Last week FSB said the alleged spy, Zharko, had disclosed the names of four British intelligence officers, and given locations in Europe where meetings had taken place, including information regarding the assignments he had been given.
"This is a long story [of recruitment] and Berezovsky along with the late Litvinenko played the lead roles in it," Zharko said in an interview with popular tabloid Komsomolskaya Pravda. "They introduced me to British Secret Intelligence Service agents."
Earlier Saturday the Russian Federal Security Service (FSB) said it had completed an inquiry into the ex-security officer's claim on spying for the British intelligence and launched a criminal case on espionage charges, saying in particular that it had "enough information, which indicates that between 2003 and 2007 British SIS officers recruited him and later used as an agent for spying to the detriment of the Russian Federation's security."
Zharko said Berezovsky, who was granted political asylum in U.K. in 2003, introduced him to Litvinenko in London in 2002.
"Alexander [Litvinenko] introduced me in turn to a certain Martin Flint, who said he was representing business circles," Zharko said. "Then, I got acquainted with two more people, who offered me to render them consulting services. They were interested in political and economic situation in Russia."
The British, he said, paid him 200 euros per month for the information, which, according to him, he gathered from various Internet sources and therefore was not doing anything illegal.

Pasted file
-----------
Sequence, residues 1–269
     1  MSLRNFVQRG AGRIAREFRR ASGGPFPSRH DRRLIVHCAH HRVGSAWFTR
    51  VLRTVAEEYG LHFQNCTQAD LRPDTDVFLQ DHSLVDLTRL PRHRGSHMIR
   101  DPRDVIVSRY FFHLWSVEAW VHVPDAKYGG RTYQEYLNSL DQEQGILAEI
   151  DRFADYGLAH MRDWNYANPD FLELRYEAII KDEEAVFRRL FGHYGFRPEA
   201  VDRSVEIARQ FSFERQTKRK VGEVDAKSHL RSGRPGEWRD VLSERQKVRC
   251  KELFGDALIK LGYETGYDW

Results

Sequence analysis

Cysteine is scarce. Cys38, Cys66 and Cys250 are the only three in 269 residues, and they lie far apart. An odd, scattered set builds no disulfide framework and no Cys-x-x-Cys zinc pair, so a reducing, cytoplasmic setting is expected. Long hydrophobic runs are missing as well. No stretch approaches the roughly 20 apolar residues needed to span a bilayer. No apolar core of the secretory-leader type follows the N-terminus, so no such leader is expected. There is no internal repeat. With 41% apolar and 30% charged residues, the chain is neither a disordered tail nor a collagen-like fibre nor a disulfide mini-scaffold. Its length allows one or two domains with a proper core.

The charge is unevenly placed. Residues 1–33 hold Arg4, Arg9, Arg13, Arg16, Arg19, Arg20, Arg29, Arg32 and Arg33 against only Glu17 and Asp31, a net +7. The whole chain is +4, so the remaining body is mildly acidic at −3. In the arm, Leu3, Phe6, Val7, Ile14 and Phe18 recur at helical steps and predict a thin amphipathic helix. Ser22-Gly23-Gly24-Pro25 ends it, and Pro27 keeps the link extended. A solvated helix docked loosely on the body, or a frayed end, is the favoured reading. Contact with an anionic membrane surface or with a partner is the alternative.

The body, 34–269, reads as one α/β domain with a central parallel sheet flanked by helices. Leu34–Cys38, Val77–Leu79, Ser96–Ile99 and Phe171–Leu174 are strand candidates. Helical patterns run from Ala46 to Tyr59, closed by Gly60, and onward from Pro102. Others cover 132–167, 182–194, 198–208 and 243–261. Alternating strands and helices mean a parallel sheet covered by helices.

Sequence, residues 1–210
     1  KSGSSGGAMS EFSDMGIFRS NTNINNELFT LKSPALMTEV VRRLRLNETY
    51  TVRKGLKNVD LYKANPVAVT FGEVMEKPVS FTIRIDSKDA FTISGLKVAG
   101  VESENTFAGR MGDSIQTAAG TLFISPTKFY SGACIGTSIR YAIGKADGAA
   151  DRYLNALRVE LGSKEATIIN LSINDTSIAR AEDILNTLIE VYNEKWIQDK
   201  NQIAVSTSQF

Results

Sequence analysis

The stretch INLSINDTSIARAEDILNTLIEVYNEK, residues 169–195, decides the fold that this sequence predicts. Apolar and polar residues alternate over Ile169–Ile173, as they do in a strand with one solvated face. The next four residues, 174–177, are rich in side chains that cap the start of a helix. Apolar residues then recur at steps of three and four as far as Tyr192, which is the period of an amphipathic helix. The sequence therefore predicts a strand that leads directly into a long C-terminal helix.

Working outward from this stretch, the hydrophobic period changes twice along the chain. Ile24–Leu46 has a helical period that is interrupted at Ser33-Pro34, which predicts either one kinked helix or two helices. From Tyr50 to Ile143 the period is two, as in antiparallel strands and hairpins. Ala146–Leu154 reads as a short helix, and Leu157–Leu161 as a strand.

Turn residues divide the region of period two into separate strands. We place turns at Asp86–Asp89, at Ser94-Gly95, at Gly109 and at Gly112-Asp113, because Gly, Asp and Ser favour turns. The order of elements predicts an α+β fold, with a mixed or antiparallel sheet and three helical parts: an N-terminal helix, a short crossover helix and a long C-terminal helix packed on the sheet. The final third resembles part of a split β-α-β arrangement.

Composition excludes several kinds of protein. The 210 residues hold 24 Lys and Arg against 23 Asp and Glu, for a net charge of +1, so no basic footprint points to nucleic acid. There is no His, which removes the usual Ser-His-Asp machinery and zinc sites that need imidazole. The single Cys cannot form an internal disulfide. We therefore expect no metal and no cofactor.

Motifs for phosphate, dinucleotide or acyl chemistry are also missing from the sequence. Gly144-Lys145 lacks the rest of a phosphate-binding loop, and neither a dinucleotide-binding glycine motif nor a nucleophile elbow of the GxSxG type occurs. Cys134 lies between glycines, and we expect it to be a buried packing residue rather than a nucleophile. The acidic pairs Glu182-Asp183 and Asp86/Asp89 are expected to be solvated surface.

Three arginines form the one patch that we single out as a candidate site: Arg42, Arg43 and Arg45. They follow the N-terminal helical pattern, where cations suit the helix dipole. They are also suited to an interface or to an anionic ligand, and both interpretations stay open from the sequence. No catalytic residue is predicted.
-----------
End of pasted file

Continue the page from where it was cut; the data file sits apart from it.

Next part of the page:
When asked who may be behind the murder of secret service defector Litvinenko, who died of radioactive poisoning November 23, 2006 in London, Zharko said that in his opinion it could be a result Litvinenko's "personal experiments."
"On the whole there was an absolutely negative attitude toward Litvinenko within Berezovsky's circle. Eventually, Boris Abramovich [Berezovsky] moved him away from himself and considerably cut his allowance," Zharko said. "The British at the same time declined his services. He [Litvinenko] kept telling me that he needed money badly. Possibly, that with the help of [Akhmed] Zakayev and his other Chechen 'friends' he could have got involved in smuggling of radioactive materials, and then - by accident or not - received a lethal dose. This is my personal opinion."
Berezovsky and Chechen emissary Zakayev were both granted political asylum in the U.K. after fleeing Russia, where they are wanted on charges of fraud and complicity in terrorism, respectively. The Russian Prosecutor's Office has repeatedly approached British authorities with a request that the two men be extradited to their country of origin, but each request has been denied.
Zharko said he spoke last time with Berezovsky after the May 31 news conference given by another former security officer Andrei Lugovoi. He said Berezovsky asked him to meet immediately, but, according to Zharko, he already made up his mind to quit "playing games with him and MI6."
"I realized that my reviews and consulting works were just a stage of drawing me into something more serious," he said. "At one of the meetings I was asked to gather information on agents of Russian special services, which could be later used for their recruitment by Britain. They even wanted to give me a special portable computer for sending information. But I realized that it all leads to a pure espionage."
Andrei Lugovoi was accused by the Crown Prosecution Service on May 22 of murdering Litvinenko. Though Litvinenko is thought to have been poisoned with radioactive Polonium-210, no official autopsy report has so far been made available. Lugovoi has vehemently denied the accusations against him claiming they are politically motivated, and in turn accused Litvinenko and Berezovsky of spying for MI6.